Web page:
By following the above advice with proper rest, sleep, nutrition, hydration, and so forth, you will have an advantage. To get stronger you must lift heavier, more efficiently (precise form and technique), be creative (think outside of the box, hence, you can train anywhere you do not have to be in an official gym), and have nutrition that works in your favor. Most understand the lifting heavy, the importance of proper form and technique, and being creative, but what most don't understand is how to eat so as to allow strength to build without becoming either an anorexic looking bodybuilder, or by putting on too much 'bulk', meaning mass period, fat and all. It's a fine line. First and foremost make sure you're intake of healthy proteins is up to par. Depending on your lifts, frequency, duration, and intensity, one might consume up to 1.5 grams protein per pound of body weight. Some up to two. The key is determining how hard you're working, consider your body type (ectomorph, mesomorph, endomorph), and recovery periods. It's okay to push weight when you're still a bit sore, however, when you plan on lifting for strength and are going for max or near max reps, you must have recovered at least 87%, ideally 90-95% to get the most out of your next session. Besides protein, carbohydrates are a must, carb's of the right kind. Unprocessed, both high and low glycemic depending on pre or post workout, and a wide variety of colors. Be sure to prepare your vegetables so as to leave vital nutrients to nourish and build the cells. Fat is a must, but not immediately right after your workout. Only take in protein and carb's post-workout. Wait an hour and add your healthy fats, continue adding them sparingly to moderately throughout the day. 

First off, you'll become faster by simply eliminating unnecessary body fat. When you lose body fat, not to be confused with 'weight' which can also mean loss of vital muscle, and fluids, you instantly become stronger, you become more fuel efficient, and you'll find many times you'll sleep and think better. Determine the proper body weight for yourself, your build, body type, and lifestyle. Get to your target weight.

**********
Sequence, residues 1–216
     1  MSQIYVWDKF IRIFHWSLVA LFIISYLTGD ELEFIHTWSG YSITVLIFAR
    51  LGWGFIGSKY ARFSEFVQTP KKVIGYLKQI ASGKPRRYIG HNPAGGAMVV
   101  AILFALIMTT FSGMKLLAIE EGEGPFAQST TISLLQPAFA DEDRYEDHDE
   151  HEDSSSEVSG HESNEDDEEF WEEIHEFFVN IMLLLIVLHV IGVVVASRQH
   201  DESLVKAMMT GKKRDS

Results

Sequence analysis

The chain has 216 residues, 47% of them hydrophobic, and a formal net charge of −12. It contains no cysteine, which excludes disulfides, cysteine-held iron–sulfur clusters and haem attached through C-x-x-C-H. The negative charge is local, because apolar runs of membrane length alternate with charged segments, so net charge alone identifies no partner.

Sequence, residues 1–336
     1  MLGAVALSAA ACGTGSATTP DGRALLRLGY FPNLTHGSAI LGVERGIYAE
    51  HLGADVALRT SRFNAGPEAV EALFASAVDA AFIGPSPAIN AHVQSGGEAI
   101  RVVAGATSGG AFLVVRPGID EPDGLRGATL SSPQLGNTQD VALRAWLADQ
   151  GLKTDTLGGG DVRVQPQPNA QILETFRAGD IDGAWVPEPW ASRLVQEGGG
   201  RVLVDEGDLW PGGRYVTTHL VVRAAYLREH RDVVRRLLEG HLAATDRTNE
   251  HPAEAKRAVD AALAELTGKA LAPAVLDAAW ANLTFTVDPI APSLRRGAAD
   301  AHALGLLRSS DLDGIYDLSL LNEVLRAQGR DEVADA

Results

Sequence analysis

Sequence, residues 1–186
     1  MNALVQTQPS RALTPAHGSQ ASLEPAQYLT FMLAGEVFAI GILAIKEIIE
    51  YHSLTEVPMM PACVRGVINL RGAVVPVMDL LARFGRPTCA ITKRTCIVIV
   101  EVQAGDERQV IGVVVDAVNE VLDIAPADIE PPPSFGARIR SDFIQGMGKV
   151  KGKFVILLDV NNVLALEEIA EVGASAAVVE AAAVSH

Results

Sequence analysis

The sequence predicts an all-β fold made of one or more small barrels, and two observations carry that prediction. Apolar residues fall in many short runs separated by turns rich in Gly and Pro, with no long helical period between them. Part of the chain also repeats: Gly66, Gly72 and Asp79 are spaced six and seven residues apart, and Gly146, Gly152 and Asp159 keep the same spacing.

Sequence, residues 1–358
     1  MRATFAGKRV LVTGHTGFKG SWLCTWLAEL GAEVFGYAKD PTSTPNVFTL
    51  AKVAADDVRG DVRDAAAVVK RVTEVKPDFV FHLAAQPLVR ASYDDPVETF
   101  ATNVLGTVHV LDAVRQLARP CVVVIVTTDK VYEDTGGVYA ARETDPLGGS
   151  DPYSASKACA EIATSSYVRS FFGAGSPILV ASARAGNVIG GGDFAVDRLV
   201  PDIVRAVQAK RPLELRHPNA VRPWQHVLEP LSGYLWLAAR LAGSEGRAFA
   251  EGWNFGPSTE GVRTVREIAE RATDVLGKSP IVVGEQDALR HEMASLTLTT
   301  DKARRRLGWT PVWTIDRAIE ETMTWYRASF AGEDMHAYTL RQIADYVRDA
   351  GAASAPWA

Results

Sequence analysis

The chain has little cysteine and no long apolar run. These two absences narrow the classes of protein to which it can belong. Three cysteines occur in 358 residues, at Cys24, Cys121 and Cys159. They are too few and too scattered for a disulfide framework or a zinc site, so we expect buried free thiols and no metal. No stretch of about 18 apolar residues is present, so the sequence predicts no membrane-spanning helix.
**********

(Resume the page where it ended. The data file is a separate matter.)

Watch people who are fast at what you want to be fast at, learn of them, and walk in their ways. In other words, if you want to run faster, find a fast runner and hit them up on tips, not just one fast runner, but a dozen, take notes, you'll learn something from every single one of them. Ditto cycling, swimming, rowing, climbing, you name it. Look up a couple of the historic greats and learn their ways as well. Time yourself, break down your distance into varying increments and record all your times, do speed drills, and again test yourself against your last times. Check to be sure your form, technique, gear, are working in your favor. Train against the wind, uphill, against the current, indoors when necessary but outdoors most of the time. Get a buddy system going, have a bit of friendly competition, and yes, all the above regarding rest, and nutrition apply to you, as well. You can't expect to make better times if you're out partying till wee hours, training with a hangover, or running on processed foods, it just isn't going to happen. 

Want the best? Train like the best. Learn from the best. Sleep and rest like the best. Eat like the best. Hydrate like the best know how to hydrate. The best of the best aren't out screwing around with their game, leaving it to chance and making up poor excuses when they fall short. They are studying hard, training hard, can write their own book on nutrition, and know how to both listen and be a leader at the same time. Were they born this way? Hell no. Do we all have a Champion within us? Hell yes. The line of distinction lies between knowing what to do and actually doing it. Not half way, but 100%. If it's that important to you, you'll do it.